Authors: Myerson RJ, Scott CB, Emami B, Sapozink MD, Samulski TV.
Publication: Int J Hyperthermia. 1996 Jul-Aug;12(4):449-59.
The purpose of this paper is to evaluate the safety and efficacy of deep hyperthermia in conjunction with radiation therapy.
METHODS and MATERIALS:
This study employed 'second generation' electromagnetic devices which were felt to be better able to confine heating and spare normal tissue than the devices evaluated in a previous study (RTOG 84-01). Sixty six patients at six institutions were enrolled on a prospective Phase I/II study. Eligible deep seated tumours were treated with a combination of external hyperthermia and radiation therapy. Radiation consisted of 1.7-2 Gy per fraction, 4-5 fractions per week, to > 20 Gy (previously irradiated lesions) or > 50 Gy (no previous radiation). Deep hyperthermia was delivered with electromagnetic devices: BSD 2000 for 92% of cases, Thermotron for 5% of cases, other low frequency electromagnetic for 4% of cases. Hyperthermia was delivered < or = twice weekly.
Overall complete and partial response rates were 34% and 16% respectively. Response was not correlated with maximum tumour temperature or disease site. There was, however, a strong association with radiation dose: 54% CR with > or = 45 Gy versus 7% with < 45 Gy (p < 0.0001). The achieved temperatures were less than ideal. Although the average maximum tumor temperature was 41.9 degrees C (range 35.7 degrees C-46.7 degrees C), the minimum tumour temperatures were low. The average minimum tumour temperature was 38.5 degrees C and was never > 41.8 degrees C. Treatment was well tolerated with no fatalities. There were four acute grade 3 or 4 toxicities (6% of patients). Patient discomfort resulted in interruption or discontinuation of sessions in 30% of the sessions. In 12 cases (18% of patients) the planned course of hyperthermia was discontinued due to acute discomfort.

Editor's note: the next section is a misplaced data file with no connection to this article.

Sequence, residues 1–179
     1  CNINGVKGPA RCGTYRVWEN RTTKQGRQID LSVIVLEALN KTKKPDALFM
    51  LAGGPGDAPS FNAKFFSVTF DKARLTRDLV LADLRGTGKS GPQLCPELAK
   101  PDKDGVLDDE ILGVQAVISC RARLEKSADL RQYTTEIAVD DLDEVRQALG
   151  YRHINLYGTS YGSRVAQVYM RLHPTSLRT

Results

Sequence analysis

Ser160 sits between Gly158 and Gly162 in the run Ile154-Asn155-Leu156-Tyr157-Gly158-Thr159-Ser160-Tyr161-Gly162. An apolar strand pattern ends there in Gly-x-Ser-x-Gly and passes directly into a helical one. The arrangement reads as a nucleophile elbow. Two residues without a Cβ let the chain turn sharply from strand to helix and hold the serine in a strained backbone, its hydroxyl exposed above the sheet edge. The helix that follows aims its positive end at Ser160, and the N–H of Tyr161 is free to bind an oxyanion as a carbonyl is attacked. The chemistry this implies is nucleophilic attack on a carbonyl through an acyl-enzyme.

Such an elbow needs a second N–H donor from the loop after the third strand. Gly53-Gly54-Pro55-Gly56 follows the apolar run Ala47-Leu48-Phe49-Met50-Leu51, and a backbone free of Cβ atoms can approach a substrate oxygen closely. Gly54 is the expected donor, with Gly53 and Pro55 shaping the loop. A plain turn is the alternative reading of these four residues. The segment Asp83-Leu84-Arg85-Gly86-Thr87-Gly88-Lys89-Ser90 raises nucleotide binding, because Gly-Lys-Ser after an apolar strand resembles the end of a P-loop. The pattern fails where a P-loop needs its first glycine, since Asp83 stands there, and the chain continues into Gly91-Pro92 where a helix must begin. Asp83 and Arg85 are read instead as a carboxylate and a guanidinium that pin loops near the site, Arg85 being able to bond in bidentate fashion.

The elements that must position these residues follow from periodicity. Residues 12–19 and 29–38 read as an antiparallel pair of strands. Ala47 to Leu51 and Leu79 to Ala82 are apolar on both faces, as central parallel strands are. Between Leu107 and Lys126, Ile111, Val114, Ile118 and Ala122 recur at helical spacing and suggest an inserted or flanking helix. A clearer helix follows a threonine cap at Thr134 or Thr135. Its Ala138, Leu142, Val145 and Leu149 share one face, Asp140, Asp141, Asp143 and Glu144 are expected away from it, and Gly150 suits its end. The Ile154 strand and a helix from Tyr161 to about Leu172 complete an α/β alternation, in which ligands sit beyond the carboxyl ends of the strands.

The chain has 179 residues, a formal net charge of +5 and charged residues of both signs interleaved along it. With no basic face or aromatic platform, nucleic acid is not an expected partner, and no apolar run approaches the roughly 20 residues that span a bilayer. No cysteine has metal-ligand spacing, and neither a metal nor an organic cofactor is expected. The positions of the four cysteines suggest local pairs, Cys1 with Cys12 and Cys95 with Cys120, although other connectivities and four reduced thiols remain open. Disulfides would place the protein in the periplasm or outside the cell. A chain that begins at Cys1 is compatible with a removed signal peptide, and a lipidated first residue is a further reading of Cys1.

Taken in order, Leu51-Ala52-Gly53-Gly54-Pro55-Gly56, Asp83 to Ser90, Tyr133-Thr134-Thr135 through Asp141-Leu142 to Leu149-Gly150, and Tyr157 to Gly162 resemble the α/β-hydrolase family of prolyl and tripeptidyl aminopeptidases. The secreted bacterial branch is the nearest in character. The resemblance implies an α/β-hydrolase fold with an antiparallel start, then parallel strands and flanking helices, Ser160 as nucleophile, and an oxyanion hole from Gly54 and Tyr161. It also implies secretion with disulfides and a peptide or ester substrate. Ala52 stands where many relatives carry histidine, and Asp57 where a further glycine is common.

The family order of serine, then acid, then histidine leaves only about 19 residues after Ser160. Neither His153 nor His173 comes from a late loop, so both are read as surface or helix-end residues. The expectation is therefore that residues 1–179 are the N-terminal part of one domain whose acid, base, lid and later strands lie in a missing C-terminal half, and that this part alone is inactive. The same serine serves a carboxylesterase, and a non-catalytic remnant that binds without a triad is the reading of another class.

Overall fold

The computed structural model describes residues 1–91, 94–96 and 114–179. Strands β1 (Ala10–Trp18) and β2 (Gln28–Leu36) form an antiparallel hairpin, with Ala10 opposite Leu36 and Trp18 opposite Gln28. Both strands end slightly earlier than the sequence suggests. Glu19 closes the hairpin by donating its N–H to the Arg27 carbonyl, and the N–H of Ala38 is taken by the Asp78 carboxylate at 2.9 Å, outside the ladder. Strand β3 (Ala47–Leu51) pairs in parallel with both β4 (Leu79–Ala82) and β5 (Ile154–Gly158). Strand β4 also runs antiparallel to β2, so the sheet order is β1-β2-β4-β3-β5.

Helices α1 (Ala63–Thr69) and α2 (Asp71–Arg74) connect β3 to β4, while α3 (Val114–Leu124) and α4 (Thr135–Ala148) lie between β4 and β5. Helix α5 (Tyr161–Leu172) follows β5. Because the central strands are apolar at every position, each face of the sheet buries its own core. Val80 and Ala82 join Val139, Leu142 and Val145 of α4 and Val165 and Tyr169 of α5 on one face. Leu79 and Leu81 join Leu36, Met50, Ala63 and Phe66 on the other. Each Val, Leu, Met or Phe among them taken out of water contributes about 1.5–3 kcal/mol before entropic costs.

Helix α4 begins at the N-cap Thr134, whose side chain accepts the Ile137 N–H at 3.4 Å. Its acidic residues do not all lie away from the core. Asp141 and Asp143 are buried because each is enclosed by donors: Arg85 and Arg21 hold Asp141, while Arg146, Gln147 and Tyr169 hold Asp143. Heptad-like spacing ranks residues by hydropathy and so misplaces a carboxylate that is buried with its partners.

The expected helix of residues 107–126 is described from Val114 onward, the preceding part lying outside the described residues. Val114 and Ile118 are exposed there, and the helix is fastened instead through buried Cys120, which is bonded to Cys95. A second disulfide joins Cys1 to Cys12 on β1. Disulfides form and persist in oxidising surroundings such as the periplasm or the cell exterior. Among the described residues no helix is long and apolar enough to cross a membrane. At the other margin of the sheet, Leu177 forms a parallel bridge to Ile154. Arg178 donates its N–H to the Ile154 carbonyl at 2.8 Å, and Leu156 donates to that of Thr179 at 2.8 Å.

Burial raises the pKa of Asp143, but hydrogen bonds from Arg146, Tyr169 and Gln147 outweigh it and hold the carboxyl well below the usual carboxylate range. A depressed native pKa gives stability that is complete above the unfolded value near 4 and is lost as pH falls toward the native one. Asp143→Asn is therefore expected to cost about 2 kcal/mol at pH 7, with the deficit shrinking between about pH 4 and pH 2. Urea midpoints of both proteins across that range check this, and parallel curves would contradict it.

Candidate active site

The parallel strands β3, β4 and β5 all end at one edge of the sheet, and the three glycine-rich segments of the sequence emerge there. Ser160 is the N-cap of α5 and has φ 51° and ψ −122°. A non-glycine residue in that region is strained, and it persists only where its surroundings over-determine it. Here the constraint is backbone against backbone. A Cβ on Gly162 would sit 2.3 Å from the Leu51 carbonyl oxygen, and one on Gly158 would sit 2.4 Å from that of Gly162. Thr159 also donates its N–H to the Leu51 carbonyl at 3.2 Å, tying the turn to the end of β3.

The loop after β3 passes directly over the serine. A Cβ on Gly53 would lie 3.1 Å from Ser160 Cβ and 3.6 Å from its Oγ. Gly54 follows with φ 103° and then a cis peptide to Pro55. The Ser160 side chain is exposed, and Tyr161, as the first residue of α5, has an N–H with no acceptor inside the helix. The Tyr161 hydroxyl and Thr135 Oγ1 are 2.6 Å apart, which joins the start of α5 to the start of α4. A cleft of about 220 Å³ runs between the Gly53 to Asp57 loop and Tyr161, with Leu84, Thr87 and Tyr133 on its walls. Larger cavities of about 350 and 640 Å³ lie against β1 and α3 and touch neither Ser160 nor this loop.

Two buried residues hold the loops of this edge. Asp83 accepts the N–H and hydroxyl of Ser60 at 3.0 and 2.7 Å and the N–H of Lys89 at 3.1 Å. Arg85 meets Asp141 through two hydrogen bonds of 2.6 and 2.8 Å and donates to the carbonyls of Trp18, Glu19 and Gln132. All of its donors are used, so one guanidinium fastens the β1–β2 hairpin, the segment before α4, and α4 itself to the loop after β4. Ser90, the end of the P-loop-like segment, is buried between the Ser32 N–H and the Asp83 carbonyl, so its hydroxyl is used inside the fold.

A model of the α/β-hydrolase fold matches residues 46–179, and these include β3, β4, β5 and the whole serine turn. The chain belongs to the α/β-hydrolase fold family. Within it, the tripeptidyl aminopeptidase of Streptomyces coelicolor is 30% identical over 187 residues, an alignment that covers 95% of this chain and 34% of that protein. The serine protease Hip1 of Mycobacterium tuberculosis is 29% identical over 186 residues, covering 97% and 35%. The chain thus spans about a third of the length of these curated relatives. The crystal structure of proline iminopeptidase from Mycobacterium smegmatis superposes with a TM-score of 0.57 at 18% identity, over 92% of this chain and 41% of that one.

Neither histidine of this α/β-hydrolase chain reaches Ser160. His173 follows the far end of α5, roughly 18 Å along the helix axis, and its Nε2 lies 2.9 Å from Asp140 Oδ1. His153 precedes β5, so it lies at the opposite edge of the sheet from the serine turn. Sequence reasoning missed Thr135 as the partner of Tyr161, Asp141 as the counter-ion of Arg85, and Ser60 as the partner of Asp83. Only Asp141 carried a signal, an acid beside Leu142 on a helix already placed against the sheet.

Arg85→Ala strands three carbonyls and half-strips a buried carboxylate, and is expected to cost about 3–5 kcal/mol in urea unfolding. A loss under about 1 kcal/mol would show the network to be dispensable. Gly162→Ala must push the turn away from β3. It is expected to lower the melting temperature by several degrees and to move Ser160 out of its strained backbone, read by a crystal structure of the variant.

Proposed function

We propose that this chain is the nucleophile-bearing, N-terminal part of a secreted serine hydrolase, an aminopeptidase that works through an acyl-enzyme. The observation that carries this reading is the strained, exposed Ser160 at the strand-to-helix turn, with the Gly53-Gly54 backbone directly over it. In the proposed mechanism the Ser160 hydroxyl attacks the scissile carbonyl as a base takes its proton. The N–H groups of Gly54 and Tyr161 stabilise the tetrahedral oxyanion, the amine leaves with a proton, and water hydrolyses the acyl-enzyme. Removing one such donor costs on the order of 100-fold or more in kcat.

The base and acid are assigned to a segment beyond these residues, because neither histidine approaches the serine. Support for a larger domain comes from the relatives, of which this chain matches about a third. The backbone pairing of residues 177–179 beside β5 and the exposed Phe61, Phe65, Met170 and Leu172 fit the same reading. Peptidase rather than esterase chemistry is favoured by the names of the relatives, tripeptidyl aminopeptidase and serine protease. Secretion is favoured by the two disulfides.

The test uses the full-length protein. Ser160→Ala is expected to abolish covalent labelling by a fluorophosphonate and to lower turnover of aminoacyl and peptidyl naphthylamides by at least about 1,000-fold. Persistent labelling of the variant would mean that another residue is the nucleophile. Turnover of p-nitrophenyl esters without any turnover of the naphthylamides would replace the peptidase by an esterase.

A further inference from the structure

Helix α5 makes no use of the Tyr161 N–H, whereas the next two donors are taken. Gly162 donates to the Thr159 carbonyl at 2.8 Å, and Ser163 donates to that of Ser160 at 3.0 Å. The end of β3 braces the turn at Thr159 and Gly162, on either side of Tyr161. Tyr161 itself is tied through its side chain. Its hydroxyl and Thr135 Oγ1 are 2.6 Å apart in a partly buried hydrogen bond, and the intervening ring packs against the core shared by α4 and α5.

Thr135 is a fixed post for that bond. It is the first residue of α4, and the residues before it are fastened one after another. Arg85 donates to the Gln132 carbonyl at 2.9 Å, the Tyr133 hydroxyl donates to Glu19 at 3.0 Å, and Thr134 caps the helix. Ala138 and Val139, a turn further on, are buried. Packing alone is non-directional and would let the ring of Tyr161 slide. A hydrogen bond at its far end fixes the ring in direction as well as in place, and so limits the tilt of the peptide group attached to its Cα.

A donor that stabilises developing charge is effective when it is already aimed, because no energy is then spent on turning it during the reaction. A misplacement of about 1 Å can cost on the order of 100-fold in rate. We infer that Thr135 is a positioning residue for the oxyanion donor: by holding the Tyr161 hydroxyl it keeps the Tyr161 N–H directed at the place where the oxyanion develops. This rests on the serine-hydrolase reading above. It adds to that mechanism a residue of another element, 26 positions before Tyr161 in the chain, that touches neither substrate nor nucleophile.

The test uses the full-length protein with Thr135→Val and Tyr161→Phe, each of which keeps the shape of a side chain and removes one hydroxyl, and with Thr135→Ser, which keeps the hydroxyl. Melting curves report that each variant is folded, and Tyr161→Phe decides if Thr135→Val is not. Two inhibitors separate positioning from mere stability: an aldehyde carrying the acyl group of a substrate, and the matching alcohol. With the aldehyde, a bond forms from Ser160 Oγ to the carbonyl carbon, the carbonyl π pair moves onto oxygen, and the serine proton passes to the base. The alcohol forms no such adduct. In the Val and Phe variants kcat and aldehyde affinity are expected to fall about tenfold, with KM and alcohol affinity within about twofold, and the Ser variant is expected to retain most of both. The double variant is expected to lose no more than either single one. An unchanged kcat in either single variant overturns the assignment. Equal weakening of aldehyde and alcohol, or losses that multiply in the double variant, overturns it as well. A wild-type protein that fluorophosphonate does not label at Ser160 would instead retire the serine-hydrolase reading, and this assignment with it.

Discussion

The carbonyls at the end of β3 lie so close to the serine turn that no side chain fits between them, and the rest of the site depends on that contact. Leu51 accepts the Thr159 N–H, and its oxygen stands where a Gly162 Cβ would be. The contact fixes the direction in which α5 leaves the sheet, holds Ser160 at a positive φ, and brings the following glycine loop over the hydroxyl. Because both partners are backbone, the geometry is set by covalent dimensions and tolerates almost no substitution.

The devices used in this study were better tolerated than the devices used in the previous Phase I/II deep hyperthermia trial (RTOG 84-01) with less patient discomfort and no problems with severe systemic cardiovascular stress. In the previous study 68% of the hyperthermia courses were prematurely terminated primarily due to patient discomfort and toxicity; in the present study 18% were prematurely terminated. However, as indicated by the low minimum tumour temperature, fundamental problems with achieving acceptable temperature distributions remain.